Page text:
Thoughts used to move computer cursor

By LIDIA WASOWICZ, UPI Senior Science Writer

In the latest science-fiction-come-to-life advance which may one day lead to the paralyzed being able to move at the drop of a thought, researchers have devised a system that enabled monkeys to control a computer cursor with their brain nearly as quickly as with their hands.

The nerve system specialists from Brown University in Providence, R.I., implanted a tiny array of electrodes in three Rhesus monkeys to record, review and reconstitute the cerebral activity that controls hand movement. The animals responded by tailing a target around a computer screen with a cursor guided solely by their thoughts.


The fantasy-fulfilling findings, published in the British journal Nature, inspire visions of a time when paralyzed humans might use their minds to manipulate robotic limbs, researchers said.

The new system -- centered around brain implants similar to those employed in treating some patients with Parkinson's disease -- is a step up from previous devices which have required extensive training or been confined to a limited movement repertoire, investigators said.


The latest approach enlists just a few neurons in the motor cortex region of the monkey's brain to produce the desired activity. Moreover, no period of learning was required before the monkeys could perform the sleight of hand with their thoughts, they said.

"We substituted thought control for hand control," said John Donoghue, chair of the Department of Neuroscience and the project's senior researcher. "A monkey's brain -- not its hand -- moved the cursor. Use of a reconstructed signal to allow the brain to accomplish immediate, complex, goal-directed behavior has not been done before. We showed we could build a signal that works right away, in real time. And we can do it recording from as few as six neurons."

The small numbers are impressive.

"The important issue seems to be that this group is able to control the device with such a small number of nerve cells," Sandro Mussa-Ivaldi, physiologist at Northwestern University Medical School and the Rehabilitation Institute of Chicago, said in a telephone interview.

"These findings are important because they suggest that human prosthetic devices will not require large amounts of data or lengthy training to become functional," Donoghue said.

Should the work lead to its hoped-for end, it could open up a brave new world in which the thoughts of paralyzed humans set them free to roam the Internet, surf the World Wide Web, skim e-mail or otherwise explore any area unlocked through a computer interface, scientists told United Press International. Eventually, the beneficiaries of the technology might include individuals with spinal cord injury, Lou Gehrig's disease or muscular dystrophy or even stroke survivors, they said.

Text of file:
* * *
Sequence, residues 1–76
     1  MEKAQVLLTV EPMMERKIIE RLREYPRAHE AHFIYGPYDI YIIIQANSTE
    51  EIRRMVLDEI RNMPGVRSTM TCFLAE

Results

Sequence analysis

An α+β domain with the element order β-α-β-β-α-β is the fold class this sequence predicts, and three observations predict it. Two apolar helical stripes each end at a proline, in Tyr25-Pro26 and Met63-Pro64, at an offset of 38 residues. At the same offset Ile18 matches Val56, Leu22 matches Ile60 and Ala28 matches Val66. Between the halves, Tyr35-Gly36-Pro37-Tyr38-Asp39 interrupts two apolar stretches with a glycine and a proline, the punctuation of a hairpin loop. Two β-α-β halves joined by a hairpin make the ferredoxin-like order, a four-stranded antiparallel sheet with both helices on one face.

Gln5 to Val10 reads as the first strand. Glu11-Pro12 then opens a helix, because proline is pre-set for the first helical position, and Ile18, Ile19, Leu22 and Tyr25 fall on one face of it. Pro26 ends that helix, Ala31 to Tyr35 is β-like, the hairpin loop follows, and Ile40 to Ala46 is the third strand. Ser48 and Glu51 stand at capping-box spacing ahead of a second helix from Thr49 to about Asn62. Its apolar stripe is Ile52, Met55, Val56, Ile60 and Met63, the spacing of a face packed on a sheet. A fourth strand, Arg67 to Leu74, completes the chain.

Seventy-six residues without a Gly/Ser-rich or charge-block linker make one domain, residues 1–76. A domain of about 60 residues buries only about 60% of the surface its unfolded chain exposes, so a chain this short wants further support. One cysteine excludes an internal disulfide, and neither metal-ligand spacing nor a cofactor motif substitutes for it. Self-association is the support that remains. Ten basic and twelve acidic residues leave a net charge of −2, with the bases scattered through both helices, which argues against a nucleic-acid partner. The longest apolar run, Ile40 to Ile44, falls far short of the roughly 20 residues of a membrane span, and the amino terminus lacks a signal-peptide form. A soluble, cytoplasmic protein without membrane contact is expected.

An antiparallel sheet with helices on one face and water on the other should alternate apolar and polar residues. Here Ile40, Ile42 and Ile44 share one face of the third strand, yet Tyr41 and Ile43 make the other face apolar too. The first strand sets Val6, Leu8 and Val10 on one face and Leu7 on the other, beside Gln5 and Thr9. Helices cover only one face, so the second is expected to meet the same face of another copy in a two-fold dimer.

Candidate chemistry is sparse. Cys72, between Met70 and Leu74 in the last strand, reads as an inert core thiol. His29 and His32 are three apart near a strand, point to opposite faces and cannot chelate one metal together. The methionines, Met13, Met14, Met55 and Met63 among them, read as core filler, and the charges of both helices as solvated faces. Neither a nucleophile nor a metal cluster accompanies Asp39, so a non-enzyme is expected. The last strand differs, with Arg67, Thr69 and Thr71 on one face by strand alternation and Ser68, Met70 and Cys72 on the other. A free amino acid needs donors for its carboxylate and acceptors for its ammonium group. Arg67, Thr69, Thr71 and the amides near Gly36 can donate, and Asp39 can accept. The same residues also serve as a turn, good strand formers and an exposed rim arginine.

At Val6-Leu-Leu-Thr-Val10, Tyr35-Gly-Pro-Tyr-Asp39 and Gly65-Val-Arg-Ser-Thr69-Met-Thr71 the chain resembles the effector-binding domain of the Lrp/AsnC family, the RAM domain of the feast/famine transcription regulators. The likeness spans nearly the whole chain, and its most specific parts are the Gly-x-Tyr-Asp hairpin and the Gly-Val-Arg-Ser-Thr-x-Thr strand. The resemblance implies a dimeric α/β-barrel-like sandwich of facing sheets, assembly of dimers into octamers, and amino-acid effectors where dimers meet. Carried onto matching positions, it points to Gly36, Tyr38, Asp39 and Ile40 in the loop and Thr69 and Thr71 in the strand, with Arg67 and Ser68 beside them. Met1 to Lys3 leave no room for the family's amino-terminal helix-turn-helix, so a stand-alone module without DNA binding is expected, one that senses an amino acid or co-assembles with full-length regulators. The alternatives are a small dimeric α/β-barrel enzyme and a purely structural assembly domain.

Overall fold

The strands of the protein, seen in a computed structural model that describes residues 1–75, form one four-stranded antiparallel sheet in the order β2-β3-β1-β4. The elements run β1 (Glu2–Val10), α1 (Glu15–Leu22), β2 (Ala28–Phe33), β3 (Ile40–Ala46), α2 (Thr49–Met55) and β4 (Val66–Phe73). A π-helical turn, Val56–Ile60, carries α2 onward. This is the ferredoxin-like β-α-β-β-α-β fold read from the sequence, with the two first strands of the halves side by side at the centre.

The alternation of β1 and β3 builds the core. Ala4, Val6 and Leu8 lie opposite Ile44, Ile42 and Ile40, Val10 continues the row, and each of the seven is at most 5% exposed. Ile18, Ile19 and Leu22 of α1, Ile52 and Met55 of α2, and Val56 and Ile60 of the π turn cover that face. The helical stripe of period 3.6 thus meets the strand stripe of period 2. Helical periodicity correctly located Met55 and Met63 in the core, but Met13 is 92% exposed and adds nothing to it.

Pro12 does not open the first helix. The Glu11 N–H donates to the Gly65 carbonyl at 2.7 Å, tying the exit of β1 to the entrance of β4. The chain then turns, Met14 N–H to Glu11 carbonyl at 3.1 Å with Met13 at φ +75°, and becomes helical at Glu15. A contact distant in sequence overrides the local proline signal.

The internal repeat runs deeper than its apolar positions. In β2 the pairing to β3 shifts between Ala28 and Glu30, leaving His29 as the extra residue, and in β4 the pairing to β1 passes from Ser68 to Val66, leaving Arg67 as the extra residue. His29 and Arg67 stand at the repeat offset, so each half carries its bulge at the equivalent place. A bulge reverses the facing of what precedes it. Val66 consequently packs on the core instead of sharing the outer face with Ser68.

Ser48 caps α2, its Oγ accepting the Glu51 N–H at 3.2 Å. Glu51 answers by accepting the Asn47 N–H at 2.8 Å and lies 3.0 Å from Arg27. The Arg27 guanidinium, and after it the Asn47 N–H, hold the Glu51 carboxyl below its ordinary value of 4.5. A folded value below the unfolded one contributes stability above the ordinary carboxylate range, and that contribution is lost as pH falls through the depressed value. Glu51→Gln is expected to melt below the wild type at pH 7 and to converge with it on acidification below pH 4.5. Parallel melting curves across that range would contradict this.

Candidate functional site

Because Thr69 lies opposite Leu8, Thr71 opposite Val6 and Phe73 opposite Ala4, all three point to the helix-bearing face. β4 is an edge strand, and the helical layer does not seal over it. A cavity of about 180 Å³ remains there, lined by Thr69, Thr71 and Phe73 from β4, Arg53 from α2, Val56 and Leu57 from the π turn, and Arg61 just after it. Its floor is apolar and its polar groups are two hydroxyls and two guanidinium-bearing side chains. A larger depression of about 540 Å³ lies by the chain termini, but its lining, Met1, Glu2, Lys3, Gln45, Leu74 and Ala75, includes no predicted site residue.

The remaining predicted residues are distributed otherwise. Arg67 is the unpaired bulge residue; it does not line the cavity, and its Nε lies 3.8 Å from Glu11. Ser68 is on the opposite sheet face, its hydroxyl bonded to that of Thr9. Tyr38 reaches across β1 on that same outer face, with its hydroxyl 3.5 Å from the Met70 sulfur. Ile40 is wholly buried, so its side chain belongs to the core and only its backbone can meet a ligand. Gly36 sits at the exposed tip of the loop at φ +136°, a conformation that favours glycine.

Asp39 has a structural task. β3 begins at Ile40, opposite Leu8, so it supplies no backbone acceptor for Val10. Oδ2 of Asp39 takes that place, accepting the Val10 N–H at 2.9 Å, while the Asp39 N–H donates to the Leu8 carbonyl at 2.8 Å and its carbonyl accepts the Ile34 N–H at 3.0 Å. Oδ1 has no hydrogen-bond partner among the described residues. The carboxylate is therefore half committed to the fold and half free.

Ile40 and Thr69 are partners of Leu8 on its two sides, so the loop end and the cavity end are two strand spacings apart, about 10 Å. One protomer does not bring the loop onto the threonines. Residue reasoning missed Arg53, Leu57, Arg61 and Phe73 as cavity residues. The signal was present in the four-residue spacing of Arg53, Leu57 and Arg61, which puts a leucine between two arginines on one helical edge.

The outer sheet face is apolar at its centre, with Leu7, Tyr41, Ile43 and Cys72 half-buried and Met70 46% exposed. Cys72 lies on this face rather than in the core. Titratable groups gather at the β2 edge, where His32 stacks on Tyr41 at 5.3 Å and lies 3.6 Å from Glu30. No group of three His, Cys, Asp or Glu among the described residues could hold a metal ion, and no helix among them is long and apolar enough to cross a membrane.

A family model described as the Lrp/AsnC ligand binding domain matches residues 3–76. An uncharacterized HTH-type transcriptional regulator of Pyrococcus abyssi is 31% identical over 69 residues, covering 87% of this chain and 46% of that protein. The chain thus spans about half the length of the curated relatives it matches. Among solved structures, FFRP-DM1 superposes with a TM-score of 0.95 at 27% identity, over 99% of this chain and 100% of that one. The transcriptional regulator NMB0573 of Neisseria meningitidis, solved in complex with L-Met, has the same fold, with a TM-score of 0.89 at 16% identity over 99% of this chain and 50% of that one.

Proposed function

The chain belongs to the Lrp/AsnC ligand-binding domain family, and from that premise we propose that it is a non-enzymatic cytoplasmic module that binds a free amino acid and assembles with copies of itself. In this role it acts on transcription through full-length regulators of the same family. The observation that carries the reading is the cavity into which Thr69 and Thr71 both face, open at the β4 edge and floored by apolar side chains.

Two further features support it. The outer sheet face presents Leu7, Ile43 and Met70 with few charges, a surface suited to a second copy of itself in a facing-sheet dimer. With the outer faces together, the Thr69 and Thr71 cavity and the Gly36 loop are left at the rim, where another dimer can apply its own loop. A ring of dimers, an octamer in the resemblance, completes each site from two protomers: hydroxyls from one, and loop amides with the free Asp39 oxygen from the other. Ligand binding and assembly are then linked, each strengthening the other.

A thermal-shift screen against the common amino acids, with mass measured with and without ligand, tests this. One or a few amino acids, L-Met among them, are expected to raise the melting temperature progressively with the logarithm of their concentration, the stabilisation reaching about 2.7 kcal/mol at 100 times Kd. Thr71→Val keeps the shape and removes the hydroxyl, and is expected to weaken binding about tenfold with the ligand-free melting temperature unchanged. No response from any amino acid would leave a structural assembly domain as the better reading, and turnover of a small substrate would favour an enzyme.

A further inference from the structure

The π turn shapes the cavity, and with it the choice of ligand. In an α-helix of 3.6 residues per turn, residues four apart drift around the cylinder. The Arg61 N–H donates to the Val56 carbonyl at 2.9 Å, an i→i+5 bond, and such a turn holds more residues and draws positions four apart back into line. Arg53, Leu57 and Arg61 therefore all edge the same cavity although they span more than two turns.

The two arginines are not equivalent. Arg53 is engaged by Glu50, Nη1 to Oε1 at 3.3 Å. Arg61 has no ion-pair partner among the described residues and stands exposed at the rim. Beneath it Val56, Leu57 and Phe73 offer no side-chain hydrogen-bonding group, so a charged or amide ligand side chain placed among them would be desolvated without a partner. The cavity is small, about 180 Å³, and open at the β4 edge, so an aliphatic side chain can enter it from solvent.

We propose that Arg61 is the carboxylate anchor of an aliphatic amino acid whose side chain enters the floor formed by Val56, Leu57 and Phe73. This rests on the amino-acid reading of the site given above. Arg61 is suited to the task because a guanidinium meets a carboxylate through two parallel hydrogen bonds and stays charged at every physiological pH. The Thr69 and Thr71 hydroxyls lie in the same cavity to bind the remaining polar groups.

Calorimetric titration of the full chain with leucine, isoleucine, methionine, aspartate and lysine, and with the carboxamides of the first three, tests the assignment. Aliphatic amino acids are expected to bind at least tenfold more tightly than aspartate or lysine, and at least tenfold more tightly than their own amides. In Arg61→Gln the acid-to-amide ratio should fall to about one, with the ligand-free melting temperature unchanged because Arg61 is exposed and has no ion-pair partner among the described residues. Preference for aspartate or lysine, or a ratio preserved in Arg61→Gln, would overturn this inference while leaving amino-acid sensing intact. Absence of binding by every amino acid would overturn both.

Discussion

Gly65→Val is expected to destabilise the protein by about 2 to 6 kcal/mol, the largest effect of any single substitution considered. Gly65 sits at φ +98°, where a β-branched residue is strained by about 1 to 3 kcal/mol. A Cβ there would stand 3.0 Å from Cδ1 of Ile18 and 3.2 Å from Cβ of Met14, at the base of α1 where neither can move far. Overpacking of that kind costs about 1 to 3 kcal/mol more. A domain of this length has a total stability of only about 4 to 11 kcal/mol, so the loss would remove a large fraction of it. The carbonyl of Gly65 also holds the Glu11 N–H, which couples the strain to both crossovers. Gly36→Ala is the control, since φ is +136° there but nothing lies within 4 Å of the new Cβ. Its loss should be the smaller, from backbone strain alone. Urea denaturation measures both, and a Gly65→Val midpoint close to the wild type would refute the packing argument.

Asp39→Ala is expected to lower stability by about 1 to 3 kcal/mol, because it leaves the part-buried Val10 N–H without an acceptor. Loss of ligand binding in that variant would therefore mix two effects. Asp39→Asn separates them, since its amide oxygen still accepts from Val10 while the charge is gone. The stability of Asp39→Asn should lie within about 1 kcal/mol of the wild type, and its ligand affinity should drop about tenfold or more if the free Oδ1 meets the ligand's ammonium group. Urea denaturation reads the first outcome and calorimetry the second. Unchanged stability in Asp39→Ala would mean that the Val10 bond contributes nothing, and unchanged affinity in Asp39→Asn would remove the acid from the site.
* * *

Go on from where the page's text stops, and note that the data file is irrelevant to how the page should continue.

"The technology would be most valuable to individuals who are 'locked in' -- those who have normal cognitive function but who lack any motor function. Tetraplegics would be next in the list, followed by paraplegics," said Richard Normann, professor of bioengineering and ophthalmology at the University of Utah who is conducting similar research.

"I would expect that human experimentation would be possible in the next year or two," he told UPI, noting that in one study "locked-in" patients have already been implanted with a system to allow them to communicate through a computer.

"Right now, we are still far from practical applications of these technologies to patients with paralysis, although people are already trying some approaches on patients," Mussa-Ivaldi cautioned. "I think there's still a lot of work ahead."

Any applications to restore movement control in immobilized individuals would require approval from the Food and Drug Administration, which has not yet given the green light for human use of the "instant-control brain cursor" technique, said lead study author Mijail Serruya, who performed the work as part of his doctoral research at Brown.

"This implant is potentially one that is very suitable for humans," he said. "It shows enough promise that we think it could ultimately be hooked up via a computer to a paralyzed patient to restore that individual's interaction with the environment. Our goal is to make sense of how the brain plans to move a hand through space and to use that information as a control signal for someone who is paralyzed. We want to provide some freedom to this individual."


The device would enable patients to point and click their way around their surroundings, Donoghue said. "This includes reading e-mail. Or imagine an onscreen keyboard that someone can use to type sentences or issue commands by pointing and clicking."

The research follows on the heels of a report by Normann and company in the journal Nature which showed that, contrary to a widespread view, the motor regions of the brain do not undergo a significant reorganization even five years after spinal cord injury.

"The two papers dovetail," suggesting that individuals with spinal cord injuries could train their thoughts to control a wheelchair, robotic arm or other devices, Normann, told UPI.

"We are entering a new era in the development of human engineered interfaces to the nervous system. These systems could provide new avenues of therapy to those with non-functioning sensory or motor systems," Normann said.

"The systems that are being considered are first generation systems, and will undergo significant refinement over the next decade or two, and, as a result, provide continuously enhanced function to those who will be implanted with these new devices."

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